When is a judgment in a bankruptcy appeal final and, consequently, reviewable by a federal circuit court of appeals? Finality in bankruptcy litigation is often difficult to determine. Generally, and with the exception of the direct-appeal provisions of 28 U.S.C. § 158(d)(2), unless the orders of both the bankruptcy court and intermediate appellate court are final, the circuit court of appeals cannot exercise jurisdiction. Incorrectly determining that an order is not final can have disastrous consequences for the appellant – like losing the opportunity to appeal, because the failure to timely initiate an appeal will deprive a federal appellate court of jurisdiction to review the lower tribunal’s order.
This is exactly what happened to a creditor in DeLauro v. Porto (In re Porto) (11th Cir. July 8, 2011), who “[f]or nearly a quarter of a century” had sought to collect a judgment debt from the chapter 7 debtor, only to find himself not only unsuccessful but facing $15,000 worth of attorney’s fees as a sanction for what the bankruptcy court viewed as his frivolous objection to the discharge of the judgment debt. Addressing an issue of first impression for the appeals court, the Eleventh Circuit held that the district court’s order affirming the bankruptcy court’s judgment determining that the debt was non-dischargeable was a final, appealable order, despite the then-undecided issue of whether the bankruptcy court properly sanctioned the creditor for objecting to the discharge of its debt. Accordingly, when the judgment creditor waited to appeal from the discharge ruling until after the district court ruled on the creditor’s appeal from the sanctions order, his appeal was untimely.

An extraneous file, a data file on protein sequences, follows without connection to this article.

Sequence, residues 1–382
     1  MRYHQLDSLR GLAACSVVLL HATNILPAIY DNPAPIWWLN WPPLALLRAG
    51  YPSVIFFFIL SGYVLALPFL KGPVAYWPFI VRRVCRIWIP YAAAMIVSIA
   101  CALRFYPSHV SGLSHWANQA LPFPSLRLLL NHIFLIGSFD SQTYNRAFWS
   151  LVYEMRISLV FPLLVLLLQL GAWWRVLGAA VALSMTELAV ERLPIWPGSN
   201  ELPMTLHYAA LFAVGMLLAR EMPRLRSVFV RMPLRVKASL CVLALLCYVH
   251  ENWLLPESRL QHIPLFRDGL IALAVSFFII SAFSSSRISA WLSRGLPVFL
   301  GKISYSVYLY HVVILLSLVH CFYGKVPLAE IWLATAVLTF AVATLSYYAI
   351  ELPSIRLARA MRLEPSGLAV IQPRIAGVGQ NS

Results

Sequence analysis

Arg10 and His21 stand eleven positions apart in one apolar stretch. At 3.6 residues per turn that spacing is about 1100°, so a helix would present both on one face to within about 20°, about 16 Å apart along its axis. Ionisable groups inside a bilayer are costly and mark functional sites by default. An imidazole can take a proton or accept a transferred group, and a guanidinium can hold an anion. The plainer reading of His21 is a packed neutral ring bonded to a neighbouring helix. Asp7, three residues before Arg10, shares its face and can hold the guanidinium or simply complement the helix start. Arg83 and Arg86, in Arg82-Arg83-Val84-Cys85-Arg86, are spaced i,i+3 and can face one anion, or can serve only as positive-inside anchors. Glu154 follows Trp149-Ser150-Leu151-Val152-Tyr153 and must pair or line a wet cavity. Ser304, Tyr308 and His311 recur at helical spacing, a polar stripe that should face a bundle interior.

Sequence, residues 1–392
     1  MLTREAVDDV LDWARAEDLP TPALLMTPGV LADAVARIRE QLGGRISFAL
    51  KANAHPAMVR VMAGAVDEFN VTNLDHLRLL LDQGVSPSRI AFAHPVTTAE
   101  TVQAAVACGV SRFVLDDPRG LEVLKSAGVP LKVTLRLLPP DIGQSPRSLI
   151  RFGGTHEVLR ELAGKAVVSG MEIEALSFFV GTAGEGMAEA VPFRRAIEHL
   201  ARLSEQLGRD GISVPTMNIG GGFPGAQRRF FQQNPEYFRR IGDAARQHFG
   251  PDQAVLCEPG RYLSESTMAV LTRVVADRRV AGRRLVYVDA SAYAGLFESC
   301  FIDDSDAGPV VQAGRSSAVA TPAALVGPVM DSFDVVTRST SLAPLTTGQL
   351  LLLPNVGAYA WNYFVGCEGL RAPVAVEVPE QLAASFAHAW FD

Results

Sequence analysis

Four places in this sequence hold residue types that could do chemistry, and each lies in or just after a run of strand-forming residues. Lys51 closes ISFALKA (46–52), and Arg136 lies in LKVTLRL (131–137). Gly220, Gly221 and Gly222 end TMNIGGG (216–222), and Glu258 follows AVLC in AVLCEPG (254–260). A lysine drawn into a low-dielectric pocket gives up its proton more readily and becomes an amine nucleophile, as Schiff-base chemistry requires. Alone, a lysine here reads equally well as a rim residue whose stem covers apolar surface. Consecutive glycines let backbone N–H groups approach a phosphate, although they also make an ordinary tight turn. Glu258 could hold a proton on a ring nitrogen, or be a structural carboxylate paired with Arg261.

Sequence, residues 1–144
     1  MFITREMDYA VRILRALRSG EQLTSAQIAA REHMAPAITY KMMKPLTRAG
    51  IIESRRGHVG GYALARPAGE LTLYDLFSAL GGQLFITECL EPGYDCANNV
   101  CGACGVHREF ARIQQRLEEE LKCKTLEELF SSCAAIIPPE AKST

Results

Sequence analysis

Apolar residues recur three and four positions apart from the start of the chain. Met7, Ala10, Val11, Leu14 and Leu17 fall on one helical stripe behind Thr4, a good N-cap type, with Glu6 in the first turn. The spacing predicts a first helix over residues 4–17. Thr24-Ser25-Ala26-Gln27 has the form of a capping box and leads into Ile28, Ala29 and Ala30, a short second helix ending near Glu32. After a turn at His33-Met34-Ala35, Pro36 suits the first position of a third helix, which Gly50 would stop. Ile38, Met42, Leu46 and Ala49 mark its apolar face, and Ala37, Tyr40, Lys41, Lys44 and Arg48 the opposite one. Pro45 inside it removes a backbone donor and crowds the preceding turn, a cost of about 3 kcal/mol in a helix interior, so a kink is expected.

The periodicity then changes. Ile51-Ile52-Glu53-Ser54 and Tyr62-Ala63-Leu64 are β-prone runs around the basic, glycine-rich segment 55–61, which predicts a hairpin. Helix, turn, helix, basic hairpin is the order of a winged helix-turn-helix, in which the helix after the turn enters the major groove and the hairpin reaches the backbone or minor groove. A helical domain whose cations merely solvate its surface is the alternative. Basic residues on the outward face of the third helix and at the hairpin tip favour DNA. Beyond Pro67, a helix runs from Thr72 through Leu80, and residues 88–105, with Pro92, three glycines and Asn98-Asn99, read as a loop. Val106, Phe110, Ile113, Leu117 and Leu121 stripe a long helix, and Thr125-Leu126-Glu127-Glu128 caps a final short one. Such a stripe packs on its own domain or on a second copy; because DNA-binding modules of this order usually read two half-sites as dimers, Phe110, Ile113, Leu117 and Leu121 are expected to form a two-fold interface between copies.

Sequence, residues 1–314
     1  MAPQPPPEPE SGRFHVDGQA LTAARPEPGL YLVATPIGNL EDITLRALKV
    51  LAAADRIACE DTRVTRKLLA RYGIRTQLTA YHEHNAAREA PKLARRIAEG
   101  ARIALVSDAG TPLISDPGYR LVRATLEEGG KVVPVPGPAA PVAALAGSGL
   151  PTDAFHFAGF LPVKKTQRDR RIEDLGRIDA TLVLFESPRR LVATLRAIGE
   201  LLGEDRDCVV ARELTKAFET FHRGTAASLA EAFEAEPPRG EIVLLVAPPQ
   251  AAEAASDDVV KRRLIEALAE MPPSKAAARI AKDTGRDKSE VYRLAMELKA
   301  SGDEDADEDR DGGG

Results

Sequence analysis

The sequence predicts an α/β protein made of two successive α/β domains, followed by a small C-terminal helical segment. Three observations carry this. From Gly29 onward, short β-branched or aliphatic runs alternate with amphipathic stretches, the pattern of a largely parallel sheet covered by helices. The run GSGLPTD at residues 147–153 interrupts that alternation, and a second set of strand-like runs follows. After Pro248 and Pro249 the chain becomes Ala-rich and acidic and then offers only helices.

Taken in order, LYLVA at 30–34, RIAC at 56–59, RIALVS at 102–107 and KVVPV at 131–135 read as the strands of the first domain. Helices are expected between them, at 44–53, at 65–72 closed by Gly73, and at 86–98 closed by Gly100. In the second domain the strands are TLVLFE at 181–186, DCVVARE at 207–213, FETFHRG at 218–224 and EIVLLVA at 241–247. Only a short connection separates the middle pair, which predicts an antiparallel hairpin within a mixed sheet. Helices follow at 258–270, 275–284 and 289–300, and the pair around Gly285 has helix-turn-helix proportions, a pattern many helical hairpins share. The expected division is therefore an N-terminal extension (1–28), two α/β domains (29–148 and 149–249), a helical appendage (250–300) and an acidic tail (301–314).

In Porto, the debtor sought to discharge a $725,000 personal injury judgment debt he had owed Richard DeLauro since 1985. DeLauro filed an adversary complaint objecting to the discharge of the debt to him on the ground that the debtor had fraudulently avoided satisfying that debt since the judgment underlying it was entered. Despite DeLauro’s allegations of fraud, he only sought a denial of the discharge pursuant to 11 U.S.C. § 727(a)(5), which forbids a discharge where a debtor has failed to explain satisfactorily any loss of assets or deficiency of assets to meet the debtor’s liabilities. The bankruptcy court denied the relief that DeLauro sought, entered judgment in favor of the debtor, and awarded attorney’s fees to the debtor as a sanction for what the bankruptcy court viewed as DeLauro’s meritless complaint.